Category Archives: Depression

Suicide assessment mistakes

Yesterday’s post was about suicide. Counselors sometimes fail to adequately evaluate suicidal ideation, plan, or intent in their counselees. Some years ago, I ran across a research study looking at the most common mistakes made by 215 masters level counselors when dealing with suicidal clients. I’ve lost the bibliographic data for the article and couldn’t find it easily in Psychlit…

Here are some of the mistakes (in no particular order):

  • Superficial reassurance (“you have so much to live for”
  • Avoidance of strong emotions (not allowing client to express strong despair–usually with first bullet point)
  • Professionalism (cold and distant, possibly seen as uncaring in assessment)
  • Inadequate assessment (failure to explore fully because of nervousness or fear of asking)
  • Failure to identify precipitating causes (most suicides have both current and historical precipitating events. Counselors may identify historic event (e.g., divorce 4 years ago) but miss the current precipitant.)
  • Passivity; failure to be empathic (25% took this stance)
  • Insufficient directness. No contract to not harm, no next steps
  • Overbearing advice. Counselee needs to be involved in the planning for safety
  • Stereotyping response (“She’s just a borderline!”)
  • Defensiveness (usually about whether hospitalization is necessary)

Every counselor worries about how they will perform when addressing the serious problem of suicide risk assessment. We do well to review (a) our natural inclinations when stressed (e.g., do we tighten up, become over-controlling, too professional?), (b) our standard of practice when confronted with despairing or suicidal clients, and (c) our assessment procedures with all clients. While there is no way to prevent the suicides of highly motivated people, we can increase our capacity to respond well to those the Lord sends our way.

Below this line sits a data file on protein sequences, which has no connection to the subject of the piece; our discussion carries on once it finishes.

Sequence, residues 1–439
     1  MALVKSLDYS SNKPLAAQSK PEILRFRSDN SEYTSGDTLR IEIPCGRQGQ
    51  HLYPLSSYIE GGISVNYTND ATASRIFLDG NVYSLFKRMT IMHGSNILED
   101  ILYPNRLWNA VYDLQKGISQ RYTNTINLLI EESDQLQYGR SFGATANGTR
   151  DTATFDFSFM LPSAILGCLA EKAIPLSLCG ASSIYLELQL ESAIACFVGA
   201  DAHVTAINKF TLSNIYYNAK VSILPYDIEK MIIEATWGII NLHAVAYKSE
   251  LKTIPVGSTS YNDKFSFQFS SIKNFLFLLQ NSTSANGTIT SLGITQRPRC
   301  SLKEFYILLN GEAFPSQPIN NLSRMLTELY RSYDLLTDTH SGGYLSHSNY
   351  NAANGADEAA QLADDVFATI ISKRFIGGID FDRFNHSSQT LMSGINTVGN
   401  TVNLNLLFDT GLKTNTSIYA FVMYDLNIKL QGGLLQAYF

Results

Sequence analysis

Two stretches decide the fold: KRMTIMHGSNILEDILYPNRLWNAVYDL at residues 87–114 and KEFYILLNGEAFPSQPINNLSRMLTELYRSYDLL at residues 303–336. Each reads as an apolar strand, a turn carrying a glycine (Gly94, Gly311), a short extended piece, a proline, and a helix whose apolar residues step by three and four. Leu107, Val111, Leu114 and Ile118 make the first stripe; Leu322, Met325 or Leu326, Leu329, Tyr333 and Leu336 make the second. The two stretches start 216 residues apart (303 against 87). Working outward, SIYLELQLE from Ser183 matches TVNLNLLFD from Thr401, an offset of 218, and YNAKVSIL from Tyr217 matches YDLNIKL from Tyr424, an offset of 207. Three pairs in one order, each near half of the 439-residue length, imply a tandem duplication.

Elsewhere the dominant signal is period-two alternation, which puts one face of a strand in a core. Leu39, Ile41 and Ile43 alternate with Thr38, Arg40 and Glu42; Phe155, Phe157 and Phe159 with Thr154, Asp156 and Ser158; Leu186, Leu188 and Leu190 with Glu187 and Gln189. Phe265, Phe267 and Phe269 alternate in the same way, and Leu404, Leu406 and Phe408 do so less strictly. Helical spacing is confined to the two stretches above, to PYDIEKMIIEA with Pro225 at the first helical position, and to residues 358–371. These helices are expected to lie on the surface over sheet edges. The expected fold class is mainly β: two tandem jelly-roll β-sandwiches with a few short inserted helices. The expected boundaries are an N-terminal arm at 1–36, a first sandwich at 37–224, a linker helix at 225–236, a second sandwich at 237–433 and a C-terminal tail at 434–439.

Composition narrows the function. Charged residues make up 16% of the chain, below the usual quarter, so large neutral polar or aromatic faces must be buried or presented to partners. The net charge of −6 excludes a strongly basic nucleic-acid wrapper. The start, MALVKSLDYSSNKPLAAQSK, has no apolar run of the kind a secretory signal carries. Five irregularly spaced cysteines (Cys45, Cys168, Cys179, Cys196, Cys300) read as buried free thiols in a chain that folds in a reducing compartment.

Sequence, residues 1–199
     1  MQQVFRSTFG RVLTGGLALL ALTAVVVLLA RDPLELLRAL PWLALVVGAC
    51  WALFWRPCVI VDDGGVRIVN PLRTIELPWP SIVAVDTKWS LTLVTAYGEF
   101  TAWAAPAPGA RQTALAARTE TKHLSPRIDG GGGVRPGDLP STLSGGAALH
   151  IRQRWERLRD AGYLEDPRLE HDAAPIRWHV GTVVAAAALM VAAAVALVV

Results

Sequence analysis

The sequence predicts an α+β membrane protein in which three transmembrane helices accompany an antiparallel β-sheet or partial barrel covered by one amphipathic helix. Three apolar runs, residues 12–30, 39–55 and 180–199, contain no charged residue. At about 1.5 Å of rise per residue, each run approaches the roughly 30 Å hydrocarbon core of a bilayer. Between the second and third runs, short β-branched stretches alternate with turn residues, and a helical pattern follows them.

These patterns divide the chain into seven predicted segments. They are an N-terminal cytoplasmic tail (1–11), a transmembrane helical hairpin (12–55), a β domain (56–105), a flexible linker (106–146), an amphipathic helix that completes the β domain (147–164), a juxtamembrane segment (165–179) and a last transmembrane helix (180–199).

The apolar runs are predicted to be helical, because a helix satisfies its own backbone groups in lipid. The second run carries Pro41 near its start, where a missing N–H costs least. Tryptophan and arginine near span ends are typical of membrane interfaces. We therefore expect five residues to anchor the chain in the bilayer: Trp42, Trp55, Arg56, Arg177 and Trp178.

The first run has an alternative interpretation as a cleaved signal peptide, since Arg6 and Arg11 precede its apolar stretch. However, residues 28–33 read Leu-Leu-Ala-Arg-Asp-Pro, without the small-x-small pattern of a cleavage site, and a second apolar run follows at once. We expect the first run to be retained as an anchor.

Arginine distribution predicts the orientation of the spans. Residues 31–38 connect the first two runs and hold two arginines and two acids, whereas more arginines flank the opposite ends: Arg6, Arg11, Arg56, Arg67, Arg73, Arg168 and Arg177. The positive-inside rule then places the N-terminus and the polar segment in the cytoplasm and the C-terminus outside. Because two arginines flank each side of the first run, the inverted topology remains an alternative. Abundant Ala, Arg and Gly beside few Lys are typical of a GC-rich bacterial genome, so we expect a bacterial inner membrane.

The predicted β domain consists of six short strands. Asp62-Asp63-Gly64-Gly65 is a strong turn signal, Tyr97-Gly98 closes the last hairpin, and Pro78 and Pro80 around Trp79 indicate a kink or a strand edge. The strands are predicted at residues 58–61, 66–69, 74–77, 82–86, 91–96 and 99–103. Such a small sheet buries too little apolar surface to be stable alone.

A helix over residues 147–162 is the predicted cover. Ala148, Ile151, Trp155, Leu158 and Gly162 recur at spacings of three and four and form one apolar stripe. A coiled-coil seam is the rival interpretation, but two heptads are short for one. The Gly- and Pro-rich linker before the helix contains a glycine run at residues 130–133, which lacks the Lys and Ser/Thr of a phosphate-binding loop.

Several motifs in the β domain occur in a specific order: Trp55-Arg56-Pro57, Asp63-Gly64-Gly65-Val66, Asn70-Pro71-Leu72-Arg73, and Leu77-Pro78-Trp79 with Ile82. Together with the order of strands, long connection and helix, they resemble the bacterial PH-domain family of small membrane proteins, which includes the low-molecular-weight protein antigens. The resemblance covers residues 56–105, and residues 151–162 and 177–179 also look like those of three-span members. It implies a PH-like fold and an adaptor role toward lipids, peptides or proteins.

Filed under christian counseling, christian psychology, counseling, counseling science, counseling skills, Depression, Despair, ethics, Psychology, Uncategorized

Helpful read on the warning signs of suicide

Sunday’s lead story in the Philadelphia Inquirer unfolds the tragic story of two high school girls who committed suicide by stepping in front of a speeding train last winter. The death of a child is always a tragedy. But death by suicide exponentially multiplies the pain. Could anyone see it coming? Could they have prevented it?

The story in the paper details the texts and social networking trail of tears leading up to their final actions. If this event happened when I was a child, the parents might have been left with a note or a journal to pour over looking for clues. But, in this case, there are texts and posts over a long span of time. Even worse, the girls made a number of final texts just before their deaths. It appears that loved ones searched frantically for them while “watching” cyberspace during their final act. I can only imagine that this “real time” aspect multiplies the trauma for the family.

Can we learn anything from this? Yes, I think so.

  1. Pay attention to your child’s (or friend’s) social networking and texts. Clues to their state of mind may well be evident.